"I always say that art is expansion," the X Factor alum says of his 13-track album, which also comes with a full-length film in which he stars
When the film starts with a series of vibrant colors and an upbeat overture, it’s easy to become sucked into the timewarp of the nostalgic 1980s.
But the dreamscape of technicolor wonder might shatter as soon as you notice a white sheet covered with splatters of blood. It’s the first sign that something is eerily wrong, and yet the bright overture’s persistence seems to disagree.
Just moments later, you’ll witness the man behind it all — a mysterious character named Johnny, who’s also got a possible penchant for murder. And the artist behind the idea of Johnny? He goes by the slightly different name of John, but has a distinct last name — one that eagle-eyed viewers will have already spotted several times in the beginning credits.
However, calling him just an artist would be a vast understatement. The 27-year-old not only writes, directs, produces and acts in the role of Johnny himself, but also edits, executive produces and leads the costume and set design of the project. Just when you think he can do no more, he also busts a sudden dance move, launching into a segment of flawless choreography.
But what’s perhaps most unique about the project is that it is a music-led film — a first-of-its-kind, all-encompassing universe with one artist’s vision at the front and center. The film’s storyline is completely based on the progression of Lindahl’s 13-track album of the same name — the full album that the California native also wrote, performed, arranged and produced on his own.
Unlike the chicken and egg dilemma, Lindahl says the album came first. But while he was writing, a collection of several intense scenes almost simultaneously visualized themselves in his mind.
“I’m a janitor. There’s murder that’s happening. People are dying,” he lists to PEOPLE matter of factly during an interview. “There were all these scenes where Johnny was doing very specific things, but it didn’t make sense why he was doing those things.”
He first strung together these disparate events with a script. From there, he worked with a small crew and filled in the shoes of every other role, no matter how big they were.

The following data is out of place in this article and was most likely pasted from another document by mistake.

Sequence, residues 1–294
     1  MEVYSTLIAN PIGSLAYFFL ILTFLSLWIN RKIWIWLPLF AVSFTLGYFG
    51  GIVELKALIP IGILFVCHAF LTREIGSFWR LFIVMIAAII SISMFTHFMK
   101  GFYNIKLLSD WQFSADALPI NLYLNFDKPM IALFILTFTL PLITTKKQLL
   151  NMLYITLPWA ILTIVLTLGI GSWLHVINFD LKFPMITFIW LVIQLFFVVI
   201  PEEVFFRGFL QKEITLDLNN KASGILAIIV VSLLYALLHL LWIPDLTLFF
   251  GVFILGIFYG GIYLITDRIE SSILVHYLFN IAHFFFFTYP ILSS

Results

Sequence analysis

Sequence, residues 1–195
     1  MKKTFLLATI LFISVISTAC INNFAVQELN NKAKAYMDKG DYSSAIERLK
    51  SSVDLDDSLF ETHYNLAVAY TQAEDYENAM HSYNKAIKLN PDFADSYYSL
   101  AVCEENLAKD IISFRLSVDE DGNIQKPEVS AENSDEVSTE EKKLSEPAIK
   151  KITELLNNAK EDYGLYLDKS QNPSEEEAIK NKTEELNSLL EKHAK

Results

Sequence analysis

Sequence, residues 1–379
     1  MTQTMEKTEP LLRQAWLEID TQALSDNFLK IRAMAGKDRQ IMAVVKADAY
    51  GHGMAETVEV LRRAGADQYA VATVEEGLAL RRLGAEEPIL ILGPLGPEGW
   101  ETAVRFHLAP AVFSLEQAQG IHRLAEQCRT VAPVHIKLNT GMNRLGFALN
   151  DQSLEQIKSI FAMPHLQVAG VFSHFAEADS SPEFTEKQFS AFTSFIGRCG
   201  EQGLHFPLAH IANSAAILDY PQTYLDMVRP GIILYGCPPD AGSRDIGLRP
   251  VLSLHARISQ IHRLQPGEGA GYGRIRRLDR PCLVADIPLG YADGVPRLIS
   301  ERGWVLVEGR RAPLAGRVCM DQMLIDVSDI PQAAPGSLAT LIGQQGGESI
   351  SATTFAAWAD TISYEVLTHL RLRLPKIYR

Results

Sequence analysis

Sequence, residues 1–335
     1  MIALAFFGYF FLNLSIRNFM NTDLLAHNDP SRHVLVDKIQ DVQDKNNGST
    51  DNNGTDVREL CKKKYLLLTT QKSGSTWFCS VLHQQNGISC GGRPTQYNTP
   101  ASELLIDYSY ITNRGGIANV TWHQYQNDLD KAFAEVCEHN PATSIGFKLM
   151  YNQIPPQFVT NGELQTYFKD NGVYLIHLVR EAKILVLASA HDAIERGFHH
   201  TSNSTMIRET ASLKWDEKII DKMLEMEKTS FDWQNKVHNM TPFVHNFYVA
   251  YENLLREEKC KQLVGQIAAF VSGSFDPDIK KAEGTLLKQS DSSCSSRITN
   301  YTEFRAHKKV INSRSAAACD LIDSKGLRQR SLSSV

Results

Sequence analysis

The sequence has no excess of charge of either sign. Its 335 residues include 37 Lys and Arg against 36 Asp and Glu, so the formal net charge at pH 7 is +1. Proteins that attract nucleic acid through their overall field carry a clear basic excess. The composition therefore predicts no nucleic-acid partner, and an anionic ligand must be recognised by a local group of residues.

When seeing how Lindahl makes being a jack of all trades look easy, it’s hard to believe that at one point, he was discouraged from growing further as an artist. But even though a former manager told him to stick in one lane, he decided to go the exact opposite route. That means he refuses to put limits on himself or any artist, despite what others or his inner self-critic might say.
“I’m never the one to say they can or can’t,” he says while comfortably seated in his room and de facto workspace, situated in sunny California.
In similar fashion to the way viewers approach Johnny, Lindahl also starts to give little hints and anecdotes that paint a better picture of his own artistry. For instance, he mentions how director John Carpenter's 1978 Halloween movie was “on repeat” in the background of his room while he was working, and how “underrated” he believes the Insidious franchise is. From there, it’s easy to connect where he got his horror inspiration from, and how the mood of CULT CLASSIQUÉ was ultimately conceived.
At a distance, Johnny arguably shares many similarities to the infamous Michael Myers character. While the former constantly wears a blood red jumpsuit and carries around a knife, the latter also hides himself behind an iconic white mask as he bears a blade.
But Lindahl is quick to emphasize that the film isn’t a formulaic slasher film. Where he diverges from the beaten path is through the details —- complexities so small, that ironically, they collectively make up a big part of the viewing experience.
“I want you to really imagine feeling for the character Michael Myers,” he poses. “That would be the craziest experience ever — and that’s why I say I mixed together Edward Scissorhands, Michael Jackson and Michael Myers into one person that really creates a complex experience for the viewer. Like, what do I feel?”
What does one feel? Often, it’s difficult to ever root for a villain or an anti-hero when the default emotion is strong dislike, bordering on hate. However, Johnny also seems to suffer from his own existential confusion, in which viewers can’t help but empathize with. That’s because they know that at some point, they’ve all been able to relate to the lyrics he sings, like that of Track 3, titled "You Don’t Know Me."
“My life has been spiraling / Oh, but you don’t know me / This feeling inside of me is not who I wanna be”
That track alone begs the question: Who is Johnny?
Track 2, simply titled "Johnny,," defines the question not just for the audience or for Johnny himself, but also amongst the other film characters. Answering the question won’t be as straightforward and certainly won’t happen until the very end, according to Lindahl.
Although he’s promised to lay out a trail of breadcrumbs along the way, small morsels can’t ever fully satiate a ravenous hunger. And yet, that’s exactly what makes each song and part of the film so enticing. Amidst all the layers, he’s forcing viewers to piece together a puzzle that slowly fits together as more characters, songs and motivations are introduced.
“It’s very carefully crafted to where you don’t fully know what’s going on till the end,” he says with a hint of mystery.
However, one clue may lie in Lindahl’s own life.
“Johnny is the heightened example of how I feel on the inside,” he says. “Johnny is me. [He’s] who I am when I take the mask off.”
He’s quick to clarify that he doesn’t mean he has an inner voracious appetite for murder. Rather, Johnny is more so a representation of his suppressed emotions, rather than a realistic portrayal. His actions also back this up —- Johnny certainly wouldn’t ask someone about how their day’s going, but Lindahl would, as he does so when speaking with PEOPLE before the interview even begins.